The Little Fellow, was not really quiet a real fellow. Though indeed he was a handsome gentleman, with sparkling eyes, distinguished features and an undeniable air of elegance. His countenance was a bit befuddled, conservative in his reactions while suddenly confused by his current state. A distinguished gentleman of manners, decorum and a certain spring in his step who suddenly in his twilight years found himself abandoned, homeless, without security, and cast out onto his own. How could this happen, an individual of his demeanor, a loyal companion for numerous years, how did this amazingly kind soul find himself cast out searching for a home. Where was his family, or those who had embraced him in his youth?
In many ways this could be the story of countless individuals lost in today’s society. Certainly the Hudson Valley is no stranger to homelessness. However, in this particular instance this is the story of a thirteen year old Scottish Terrier named MAC. As most of the Northeast prepared to batten down the hatches for the approach of Hurricane Sandy in the Autumn of 2012, Gary and I along with our seven and a half year old Scottish terrier, Heather Clementine, welcomed MAC a pedigreed homeless registered member of the West Minister Kennel Club, into our home. As the hurricane approached I thought, great here we are in an 1840’s home surrounded by antiquated trees awaiting the storm of the century with a stranger. Following a brief incident where MAC greeted me by literally bitting my nose, I thought “what in the world was I thinking when I contacted Scottie Rescue NY regarding MAC?” Months prior to MAC’s arrival I had started scanning the website of Scotty Rescue New York, in search for a companion for Heather Clementine. Ironically, Scottie Rescue has a subsidiary in the neighboring Ulster County town of Saugerteis. Truth told Gary from the onset was vehemently opposed to adopting an elderly pet. “All we are doing is setting ourselves up for heartache”, was Gary’s refrain. By now I am sure you have realized once I settle my mind upon a situation, there is no turning back.
For the first six weeks MAC, enjoyed his breakfast, enjoyed his daily constitution, along with quite a few snacks, only to constantly return to the living room sofa where he patiently awaited the return of his family. As time transgressed MAC realized these two odd guys and the rather domineering Heather Clementine were his new family. Rather than boring you with tales of our collective adventures with MAC, his daily little happy dances before each walk, his tendency of cuddling so close I often thought my spine might break, and the rather unique songs he would sing each morning, I will simply say an elderly guy stepped into our lives, then within an instant each of our lives changed. Sadly, as Gary initially predicted on the first Thursday of the New Year, MAC, aged 16 ½, died. As a note Scottish Terriers as a species have a typical recognized life expectancy of 11-13 years. Mac far exceeded this expectancy and was headed down the road to the acknowledged record of 19 years for the world’s oldest living Scottie.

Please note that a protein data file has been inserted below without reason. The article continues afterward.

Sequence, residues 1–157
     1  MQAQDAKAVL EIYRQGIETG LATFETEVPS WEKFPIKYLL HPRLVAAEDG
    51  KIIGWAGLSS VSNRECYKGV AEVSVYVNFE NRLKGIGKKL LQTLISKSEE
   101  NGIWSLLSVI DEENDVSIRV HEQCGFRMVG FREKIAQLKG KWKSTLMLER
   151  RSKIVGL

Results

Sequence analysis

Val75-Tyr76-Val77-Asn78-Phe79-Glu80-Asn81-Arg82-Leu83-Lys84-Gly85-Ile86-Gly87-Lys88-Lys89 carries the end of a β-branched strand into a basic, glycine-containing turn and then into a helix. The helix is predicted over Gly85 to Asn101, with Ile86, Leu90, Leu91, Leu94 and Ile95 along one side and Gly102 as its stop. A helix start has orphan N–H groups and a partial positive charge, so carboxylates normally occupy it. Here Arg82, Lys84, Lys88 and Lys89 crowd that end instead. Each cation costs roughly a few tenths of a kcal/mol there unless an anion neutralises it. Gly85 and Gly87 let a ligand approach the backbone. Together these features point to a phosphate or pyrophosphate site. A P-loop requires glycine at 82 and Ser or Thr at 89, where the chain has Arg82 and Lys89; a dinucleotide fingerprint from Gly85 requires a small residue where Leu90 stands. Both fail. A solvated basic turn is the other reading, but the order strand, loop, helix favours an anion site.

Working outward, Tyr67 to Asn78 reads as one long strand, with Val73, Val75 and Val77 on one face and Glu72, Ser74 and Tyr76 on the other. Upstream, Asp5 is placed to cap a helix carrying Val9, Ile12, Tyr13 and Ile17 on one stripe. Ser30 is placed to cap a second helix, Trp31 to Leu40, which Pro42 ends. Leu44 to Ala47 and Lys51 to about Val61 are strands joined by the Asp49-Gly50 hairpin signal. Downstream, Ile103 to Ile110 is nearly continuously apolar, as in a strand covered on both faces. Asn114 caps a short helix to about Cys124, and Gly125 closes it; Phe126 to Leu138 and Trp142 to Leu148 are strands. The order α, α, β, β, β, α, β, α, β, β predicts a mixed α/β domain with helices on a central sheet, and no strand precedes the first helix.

As I announced MAC’s passing on the various social media outlets, I must admit I was a bit startled by the out pouring of affection for our little guy, who had previously found himself abandoned. Over 309 on FaceBook via comments, likes or messages acknowledged MAC’s demise. On Instagram MAC’s life was celebrated by an additional 110 people and his story was shared via Instascottie to over 6,000 individuals internationally. During his life with Gary and I Mac was a recognized fixture in the numerous articles on our former Greek Revival Home. Deborah Degraffenreid, in the Chronogram’s 20th Anniversary Edition, presented MAC as a welcoming statesman in her photos accompanying Jennifer Farley’s artful feature on our home. In Linda Okeeffe’s Heart and Home Rooms That Tell Stories, little MAC via Linda’s Rizzoli publishers was mentioned to audiences in every language from French, to German, to Italian, even in China readers could see the name MAC. Not too bad really for a polite 25 pound guy, who slightly resembled a tiny Kuala Bear, that no one wanted. For a second just think here was one little guy, just one of countless elderly animals left daily without a home. If you expand this thought to humans just think how many marvelous souls there are that slip through the cracks of humanity daily, simply because their parameters were suddenly transformed.
In the animal world of rescues and shelters elderly pets are the least desired. Everyone loves a puppy or kitten, however those in their advanced years are often left rejected. Pets often loved, in their declining years are left wondering “what happened to my family?” Whether through death, change of circumstance or a move these once faithful creatures find themselves thrown asunder with no recourse, defenseless creatures forced to simply hope for the best. The next time you happen across or hear the tale of an elderly pet recently displaced, I hope you will think of our MAC. A little guy no one wanted who filled our lives with love, who literally reached an international audience in his last years. Yes, in the end an elderly pet’s life is short, and they may even have underlying health issues. It’s often doubtful they will be chasing balls or catching frisbees but their hearts are still trusting and loving. As we arranged for MAC’s cremation on the seventh day of January, Gary remarked, “though I did not want to adopt MAC, I would not trade our time together for anything, he was a gift to our lives.”